Triumph of The Swill

That was Then.

This is Now.

The new whitehouse.gov no longer mentions things like climate change and the Affordable Care Act, which were major focuses of the site under Obama. Instead there is now language in the site’s “Issues” section that advocates for American law enforcement and “the shale oil and gas revolution.” With Trump expected to sign executive actions on immigration and other policies on Friday and into next week, the revamped whitehouse.gov may be the best indication yet of what happens next.

Though Trump has flip-flopped in some fashion on many major policy issues, the new website is as close to an agenda for the Trump administration as we’ve seen. (The Obama White House has a legacy web presence at obamawhitehouse.gov).

Trump’s whitehouse.gov has issue briefs that include “An America First Energy Plan” focused on reinvesting in fossil fuel-based energy production, the revenues of which will be used to “rebuild our roads, schools, bridges, and public infrastructure.” The plan discusses so-called clean coal but does not mention climate change.

Another issue brief: “Standing Up For Our Law Enforcement Community.” It’s a call for “more law enforcement, more community engagement, and more effective policing.” Some language appears to be calling out the rise of the Black Lives Matter movement — “The dangerous anti-police atmosphere in America is wrong.” — and gun rights are strongly supported.

Pro1

Pro2

Pro3

Parade

Plenty of guards, few spectators

As for the speech, George Will sez —

Twenty minutes into his presidency, Donald Trump, who is always claiming to have made, or to be about to make, astonishing history, had done so. Living down to expectations, he had delivered the most dreadful inaugural address in history.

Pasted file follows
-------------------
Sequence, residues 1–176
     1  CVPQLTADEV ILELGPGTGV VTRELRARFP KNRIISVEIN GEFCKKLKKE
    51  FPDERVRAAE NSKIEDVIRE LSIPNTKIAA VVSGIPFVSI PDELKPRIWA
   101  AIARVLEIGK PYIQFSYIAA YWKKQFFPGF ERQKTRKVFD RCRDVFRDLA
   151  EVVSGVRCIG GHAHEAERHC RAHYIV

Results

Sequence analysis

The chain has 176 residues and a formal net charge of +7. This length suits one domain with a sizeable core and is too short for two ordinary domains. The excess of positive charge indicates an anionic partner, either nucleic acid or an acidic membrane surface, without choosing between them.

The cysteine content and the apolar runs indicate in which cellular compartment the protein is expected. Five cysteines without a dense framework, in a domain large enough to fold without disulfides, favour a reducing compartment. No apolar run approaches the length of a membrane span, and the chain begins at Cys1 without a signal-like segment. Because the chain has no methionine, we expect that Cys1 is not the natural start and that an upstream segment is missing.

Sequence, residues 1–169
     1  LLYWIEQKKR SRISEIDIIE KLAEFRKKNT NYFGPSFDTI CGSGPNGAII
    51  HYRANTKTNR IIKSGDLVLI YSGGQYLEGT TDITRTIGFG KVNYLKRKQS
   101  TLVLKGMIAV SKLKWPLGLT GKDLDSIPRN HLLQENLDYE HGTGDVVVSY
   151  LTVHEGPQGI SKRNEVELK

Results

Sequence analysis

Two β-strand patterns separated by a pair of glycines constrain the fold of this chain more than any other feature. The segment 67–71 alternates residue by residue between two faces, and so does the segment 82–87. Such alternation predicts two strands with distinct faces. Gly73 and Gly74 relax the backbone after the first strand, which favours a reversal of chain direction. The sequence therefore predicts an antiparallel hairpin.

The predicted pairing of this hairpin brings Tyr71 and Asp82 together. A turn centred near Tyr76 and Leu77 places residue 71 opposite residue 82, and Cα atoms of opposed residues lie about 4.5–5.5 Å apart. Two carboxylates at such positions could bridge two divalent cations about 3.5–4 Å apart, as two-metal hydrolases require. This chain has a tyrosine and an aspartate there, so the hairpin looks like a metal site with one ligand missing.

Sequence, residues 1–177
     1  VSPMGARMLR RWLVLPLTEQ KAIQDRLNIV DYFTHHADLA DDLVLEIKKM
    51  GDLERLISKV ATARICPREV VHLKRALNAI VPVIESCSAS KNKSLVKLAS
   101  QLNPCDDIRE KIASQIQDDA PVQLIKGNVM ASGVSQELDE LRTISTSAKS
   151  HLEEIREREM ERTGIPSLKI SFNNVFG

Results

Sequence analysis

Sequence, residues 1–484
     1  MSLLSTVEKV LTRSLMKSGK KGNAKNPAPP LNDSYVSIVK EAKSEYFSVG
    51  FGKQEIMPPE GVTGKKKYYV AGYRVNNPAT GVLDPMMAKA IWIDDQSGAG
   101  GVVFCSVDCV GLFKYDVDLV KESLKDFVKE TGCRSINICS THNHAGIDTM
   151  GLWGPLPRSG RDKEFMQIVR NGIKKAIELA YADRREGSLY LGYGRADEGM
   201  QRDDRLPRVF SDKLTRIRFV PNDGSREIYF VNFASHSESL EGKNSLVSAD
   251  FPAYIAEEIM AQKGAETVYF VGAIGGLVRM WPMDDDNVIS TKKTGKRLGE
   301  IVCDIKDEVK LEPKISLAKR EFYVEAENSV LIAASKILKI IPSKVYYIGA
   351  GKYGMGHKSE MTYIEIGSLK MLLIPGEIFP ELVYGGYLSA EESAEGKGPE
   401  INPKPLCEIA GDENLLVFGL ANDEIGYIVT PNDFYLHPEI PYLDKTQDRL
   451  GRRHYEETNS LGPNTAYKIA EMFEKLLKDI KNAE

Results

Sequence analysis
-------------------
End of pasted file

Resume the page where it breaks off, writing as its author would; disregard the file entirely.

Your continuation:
Kellyanne Conway, Trump’s White House counselor, had promised that the speech would be “elegant.” This is not the adjective that came to mind as he described “American carnage.” That was a phrase the likes of which has never hitherto been spoken at an inauguration.

In what should have been a civic liturgy serving national unity and confidence, he vindicated his severest critics by serving up reheated campaign rhetoric about “rusted out factories scattered like tombstones across the landscape” and an education system producing students “deprived of all knowledge.” Yes, all.

But cheer up, because the carnage will vanish if we “follow two simple rules: Buy American and hire American.” “Simple” is the right word.

And now Drumpf’s future plans

And now –MORE Sondheim.

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